Klout gives entirely the wrong message

New York City. The school playground. I was 12 years old. I looked across at Leslie. Wow, I thought. She's beautiful. If only I were friends with her, I bet people would like me more.

So I made a conscious decision, to befriend the pretty, popular girl, and the very next day I put my plan into action. Approach. Smile. Be nice. And, poof, there I was, in what felt like an instant, in with the in crowd.

Which went great, until Leslie told me she didn't want to be friends anymore -- and neither did the rest of her posse. "We just feel like you only want to be friends with us to be popular," she said, a comment that cut all the more deeply because of how true it was. I was not a good friend. I was a selfish one. A good friend wonders what they can give the relationship. A bad friend wonders what they can get.

Friendship is earned, not taken. You can't just walk up to someone and be friends; you can only begin the process. True friendship is the result of years of investment in the relationship: years of showing up, again and again, of consistently depositing more into the emotional bank account than you withdraw, of supporting friends' successes and lamenting their hardships without coveting them or exploiting them. You must earn it.



Fame, at least any kind that has a hope of enduring, is also earned. This is true for the legends of stage and screen, who have to put years of work into sharpening their craft and delivering superlative performances, one after another; it's also true for people with a more niche kind of fame.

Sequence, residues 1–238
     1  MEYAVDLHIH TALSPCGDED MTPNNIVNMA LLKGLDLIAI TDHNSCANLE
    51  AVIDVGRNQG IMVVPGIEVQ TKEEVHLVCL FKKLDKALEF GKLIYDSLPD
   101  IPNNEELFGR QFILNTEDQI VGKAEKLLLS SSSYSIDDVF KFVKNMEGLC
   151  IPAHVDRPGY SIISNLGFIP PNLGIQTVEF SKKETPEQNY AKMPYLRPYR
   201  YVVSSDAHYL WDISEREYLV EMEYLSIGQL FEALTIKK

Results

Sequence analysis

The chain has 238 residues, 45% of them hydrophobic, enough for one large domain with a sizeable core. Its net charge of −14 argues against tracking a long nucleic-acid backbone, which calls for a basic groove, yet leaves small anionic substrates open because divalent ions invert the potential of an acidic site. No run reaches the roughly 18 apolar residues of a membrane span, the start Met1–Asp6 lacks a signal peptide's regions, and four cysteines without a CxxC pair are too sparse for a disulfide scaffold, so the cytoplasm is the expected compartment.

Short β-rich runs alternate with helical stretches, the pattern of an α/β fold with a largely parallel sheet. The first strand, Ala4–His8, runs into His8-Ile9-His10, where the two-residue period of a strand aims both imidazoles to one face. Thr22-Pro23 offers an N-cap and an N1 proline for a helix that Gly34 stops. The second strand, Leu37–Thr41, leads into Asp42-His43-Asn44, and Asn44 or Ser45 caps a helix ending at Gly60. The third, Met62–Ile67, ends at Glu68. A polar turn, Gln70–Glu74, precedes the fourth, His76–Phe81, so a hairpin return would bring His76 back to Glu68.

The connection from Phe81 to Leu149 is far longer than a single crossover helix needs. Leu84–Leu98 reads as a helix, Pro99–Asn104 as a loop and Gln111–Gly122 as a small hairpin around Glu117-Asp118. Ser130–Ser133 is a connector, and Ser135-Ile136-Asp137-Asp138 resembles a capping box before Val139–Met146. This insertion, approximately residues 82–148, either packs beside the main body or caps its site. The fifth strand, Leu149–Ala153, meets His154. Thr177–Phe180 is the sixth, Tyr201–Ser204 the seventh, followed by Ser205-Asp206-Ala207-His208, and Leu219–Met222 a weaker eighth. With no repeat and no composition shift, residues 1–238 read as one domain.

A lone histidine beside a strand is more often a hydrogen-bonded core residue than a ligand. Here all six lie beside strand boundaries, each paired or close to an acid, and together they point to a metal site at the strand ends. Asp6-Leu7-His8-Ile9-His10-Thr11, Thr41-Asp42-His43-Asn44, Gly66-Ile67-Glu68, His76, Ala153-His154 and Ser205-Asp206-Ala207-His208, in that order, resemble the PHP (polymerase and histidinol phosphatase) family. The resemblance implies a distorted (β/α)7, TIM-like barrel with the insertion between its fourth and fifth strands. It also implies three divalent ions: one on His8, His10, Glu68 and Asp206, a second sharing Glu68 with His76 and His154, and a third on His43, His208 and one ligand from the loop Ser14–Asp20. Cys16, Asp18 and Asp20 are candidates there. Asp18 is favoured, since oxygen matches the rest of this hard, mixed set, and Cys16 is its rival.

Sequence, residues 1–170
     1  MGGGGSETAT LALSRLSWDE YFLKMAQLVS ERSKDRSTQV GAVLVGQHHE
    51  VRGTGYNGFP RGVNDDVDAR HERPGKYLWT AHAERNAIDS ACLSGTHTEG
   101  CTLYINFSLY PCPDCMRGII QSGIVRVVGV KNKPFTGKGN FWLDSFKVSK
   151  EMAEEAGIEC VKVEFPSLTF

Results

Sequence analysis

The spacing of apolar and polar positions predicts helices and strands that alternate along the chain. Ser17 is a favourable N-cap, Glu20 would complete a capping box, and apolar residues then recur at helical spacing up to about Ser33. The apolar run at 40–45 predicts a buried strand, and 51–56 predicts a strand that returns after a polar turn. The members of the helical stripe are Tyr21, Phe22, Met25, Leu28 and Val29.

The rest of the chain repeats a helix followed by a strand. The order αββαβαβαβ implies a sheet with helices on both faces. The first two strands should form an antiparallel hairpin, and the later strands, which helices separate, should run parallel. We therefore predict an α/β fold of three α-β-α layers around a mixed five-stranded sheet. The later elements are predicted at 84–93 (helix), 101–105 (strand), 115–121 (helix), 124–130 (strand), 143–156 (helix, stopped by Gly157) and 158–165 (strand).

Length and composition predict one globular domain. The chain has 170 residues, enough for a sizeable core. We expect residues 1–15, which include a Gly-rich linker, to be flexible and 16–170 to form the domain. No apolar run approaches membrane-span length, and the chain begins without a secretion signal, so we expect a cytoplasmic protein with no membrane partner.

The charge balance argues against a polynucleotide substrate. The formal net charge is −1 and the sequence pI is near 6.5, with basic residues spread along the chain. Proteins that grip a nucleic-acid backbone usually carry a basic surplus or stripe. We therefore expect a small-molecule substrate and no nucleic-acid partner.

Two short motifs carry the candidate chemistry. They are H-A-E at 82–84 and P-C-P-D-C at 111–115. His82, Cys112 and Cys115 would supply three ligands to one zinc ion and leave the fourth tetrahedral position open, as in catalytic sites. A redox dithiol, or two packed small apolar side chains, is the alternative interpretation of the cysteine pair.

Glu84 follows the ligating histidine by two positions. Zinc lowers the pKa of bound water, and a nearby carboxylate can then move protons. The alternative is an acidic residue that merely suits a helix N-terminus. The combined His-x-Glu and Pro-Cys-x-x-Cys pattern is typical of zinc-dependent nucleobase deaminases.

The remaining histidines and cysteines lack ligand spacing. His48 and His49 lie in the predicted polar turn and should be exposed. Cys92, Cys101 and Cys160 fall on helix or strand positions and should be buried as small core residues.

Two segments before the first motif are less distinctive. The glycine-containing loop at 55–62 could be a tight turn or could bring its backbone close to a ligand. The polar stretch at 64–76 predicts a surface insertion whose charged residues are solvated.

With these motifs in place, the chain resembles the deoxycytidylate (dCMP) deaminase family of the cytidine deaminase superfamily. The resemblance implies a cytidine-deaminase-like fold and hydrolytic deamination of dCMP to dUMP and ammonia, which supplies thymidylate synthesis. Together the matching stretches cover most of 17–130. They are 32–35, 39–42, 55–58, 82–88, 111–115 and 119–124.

Consider the blogger Hugh MacLeod. Hugh is known as the guy who draws cartoons on the back of business cards; he's also an excellent writer and someone with tremendous insight into human nature. And all of those things should be enough to get people to pay attention to him. But the reason he is influential today is because he has been drawing cartoons on the back of business cards consistently, for years; he has been writing consistently, for years; he has been sharing his insight into human nature consistently, for years. Here is how he sees it:

"I get asked a lot, Your business card format is very simple. Aren't you worried about somebody ripping it off? Standard Answer: Only if they can draw more of them than me, better than me. What gives the work its edge is the simple fact that I've spent years drawing them. I've drawn thousands. Tens of thousands of man-hours. So if somebody wants to rip my idea , go ahead. If somebody wants to overtake me in the business card doodle wars, go ahead. You've got many long years in front of you. And unlike me, you won't be doing it for the joy of it. You'll be doing it for some self-loathing, ill-informed, lame-ass mercenary reason. So the years will be even longer and far, far more painful. Lucky you." Hugh is influential because he has earned it: he has been showing up, every day, drawing and blogging and sharing his opinions and generally depositing into more than he withdraws from the emotional bank account he shares with his community of followers. He doesn't do things because he is influential; he is influential because he does things.